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Publication numberUS3881692 A
Publication typeGrant
Publication dateMay 6, 1975
Filing dateJun 21, 1974
Priority dateJun 21, 1974
Publication numberUS 3881692 A, US 3881692A, US-A-3881692, US3881692 A, US3881692A
InventorsBernard S Clarke
Original AssigneeSeeburn Metal Prod
Export CitationBiBTeX, EndNote, RefMan
External Links: USPTO, USPTO Assignment, Espacenet
Resiliently tiltable vehicle jack base
US 3881692 A
Abstract
A resiliently tiltable load supporting base for vehicle jacks is described. The base has a ground engaging plate having a substantially flat bottom with upturned peripheral edges and a rounded depression in a central region of the bottom. A load receiving plate having a substantially flat top with down-turned peripheral edges is mounted within the ground engaging base. A generally spherical socket extends downwardly in a central region of the top of the load receiving plate and this socket has a generally flat bottom with a downwardly directed rounded projection which mates with the rounded depression in the ground engaging base. An elastomeric means, e.g. a hard rubber block, is mounted between the ground engaging base and the load receiving plate in a region between the central socket and downturned peripheral edges. This hard rubber is positioned on all sides of the socket and maintains the two parts of the base in paralled relationship while permitting some resilient tilting of a screwjack post and the load receiving plate with respect to the ground engaging member.
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Description  (OCR text may contain errors)

United States Patent [1 1 [111 3,881,692 Clarke 1 May 6, 1975 RESILIENTLY TILTABLE VEHICLE JACK [57] ABSTRACT BASE Inventor: Bernard S. Clarke, Orillia, Ontario,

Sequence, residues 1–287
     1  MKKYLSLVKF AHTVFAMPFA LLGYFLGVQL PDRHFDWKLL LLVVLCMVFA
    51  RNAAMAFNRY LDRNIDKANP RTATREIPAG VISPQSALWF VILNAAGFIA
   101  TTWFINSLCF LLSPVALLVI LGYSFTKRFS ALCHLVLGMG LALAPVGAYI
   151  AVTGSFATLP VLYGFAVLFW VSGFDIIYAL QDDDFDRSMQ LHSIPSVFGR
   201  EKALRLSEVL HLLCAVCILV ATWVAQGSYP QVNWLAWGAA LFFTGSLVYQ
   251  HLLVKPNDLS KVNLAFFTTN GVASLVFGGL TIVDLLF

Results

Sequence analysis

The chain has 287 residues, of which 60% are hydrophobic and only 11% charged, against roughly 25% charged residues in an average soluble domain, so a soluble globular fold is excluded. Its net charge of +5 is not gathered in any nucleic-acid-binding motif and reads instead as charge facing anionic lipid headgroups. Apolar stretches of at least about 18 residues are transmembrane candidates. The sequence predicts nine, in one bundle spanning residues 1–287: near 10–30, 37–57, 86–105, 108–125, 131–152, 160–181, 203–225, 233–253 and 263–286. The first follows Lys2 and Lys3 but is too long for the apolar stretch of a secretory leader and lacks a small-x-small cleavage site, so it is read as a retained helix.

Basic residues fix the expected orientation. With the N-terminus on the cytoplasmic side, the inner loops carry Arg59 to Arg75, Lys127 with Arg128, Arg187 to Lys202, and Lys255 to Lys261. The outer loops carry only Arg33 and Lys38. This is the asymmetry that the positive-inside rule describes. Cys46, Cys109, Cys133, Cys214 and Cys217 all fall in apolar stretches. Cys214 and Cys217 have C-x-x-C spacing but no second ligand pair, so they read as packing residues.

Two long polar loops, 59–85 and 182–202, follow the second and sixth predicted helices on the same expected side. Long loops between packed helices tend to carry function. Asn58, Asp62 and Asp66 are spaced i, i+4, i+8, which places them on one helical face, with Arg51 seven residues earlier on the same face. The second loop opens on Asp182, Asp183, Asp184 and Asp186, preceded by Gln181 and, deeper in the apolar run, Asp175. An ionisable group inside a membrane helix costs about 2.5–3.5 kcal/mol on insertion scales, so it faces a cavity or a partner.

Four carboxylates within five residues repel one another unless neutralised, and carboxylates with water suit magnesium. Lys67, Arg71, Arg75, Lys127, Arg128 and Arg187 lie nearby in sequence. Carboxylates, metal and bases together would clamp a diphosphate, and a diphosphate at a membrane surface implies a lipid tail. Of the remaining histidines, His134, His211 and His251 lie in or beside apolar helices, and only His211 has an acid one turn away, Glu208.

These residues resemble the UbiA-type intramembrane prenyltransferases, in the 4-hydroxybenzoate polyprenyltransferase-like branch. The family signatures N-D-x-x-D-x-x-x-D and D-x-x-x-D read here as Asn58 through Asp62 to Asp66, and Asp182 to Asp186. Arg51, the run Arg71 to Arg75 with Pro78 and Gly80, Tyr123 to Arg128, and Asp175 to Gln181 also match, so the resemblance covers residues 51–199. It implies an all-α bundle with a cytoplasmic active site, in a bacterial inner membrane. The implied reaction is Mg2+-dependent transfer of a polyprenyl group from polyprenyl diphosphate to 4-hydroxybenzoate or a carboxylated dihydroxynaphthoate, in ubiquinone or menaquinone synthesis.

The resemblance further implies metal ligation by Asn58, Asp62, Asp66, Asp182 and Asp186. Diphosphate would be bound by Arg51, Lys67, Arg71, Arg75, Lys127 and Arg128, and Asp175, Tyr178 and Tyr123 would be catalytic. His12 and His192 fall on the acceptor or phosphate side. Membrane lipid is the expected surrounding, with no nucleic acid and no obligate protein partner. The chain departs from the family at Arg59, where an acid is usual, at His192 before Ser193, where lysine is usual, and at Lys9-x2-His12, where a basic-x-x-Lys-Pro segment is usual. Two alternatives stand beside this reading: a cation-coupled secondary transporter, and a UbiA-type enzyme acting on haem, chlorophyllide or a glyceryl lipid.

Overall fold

Canada Assignee: Seeburn Metal Products Limited,

Beaverton, Ontario, Canada Filed: June 21, 1974 Appl. No.: 481,771

References Cited UNITED STATES PATENTS 6/1931 Kohler 254/101 6/1931 Larson et al 254/101 9/1938 Woodworth 254/101 FOREIGN PATENTS OR APPLICATIONS 7/1959 United Kingdom 254/101 3/1941 United Kingdom 254/DIG. l

Primary Examiner-Al Lawrence Smith Assistant Examiner-Robert C. Watson A resiliently tiltable load supporting base for vehicle jacks is described. The base has a ground engaging plate having a substantially flat bottom with upturned peripheral edges and a rounded depression in a central region of the bottom. A load receiving plate having a substantially flat top with down-turned peripheral edges is mounted within the ground engaging base. A generally spherical socket extends downwardly in a central region of the top of the load receiving plate and this socket has a generally flat bottom with a downwardly directed rounded projection which mates with the rounded depression in the ground engaging base. An elastomeric means, e.g. a hard rubber block, is mounted between the ground engaging base and the load receiving plate in a region between the central socket and downturned peripheral edges. This hard rubber is positioned on all sides of the socket and maintains the two parts of the base in paralled relationship while permitting some resilient tilting of a screwjack post and the load receiving plate with respect to the ground engaging member.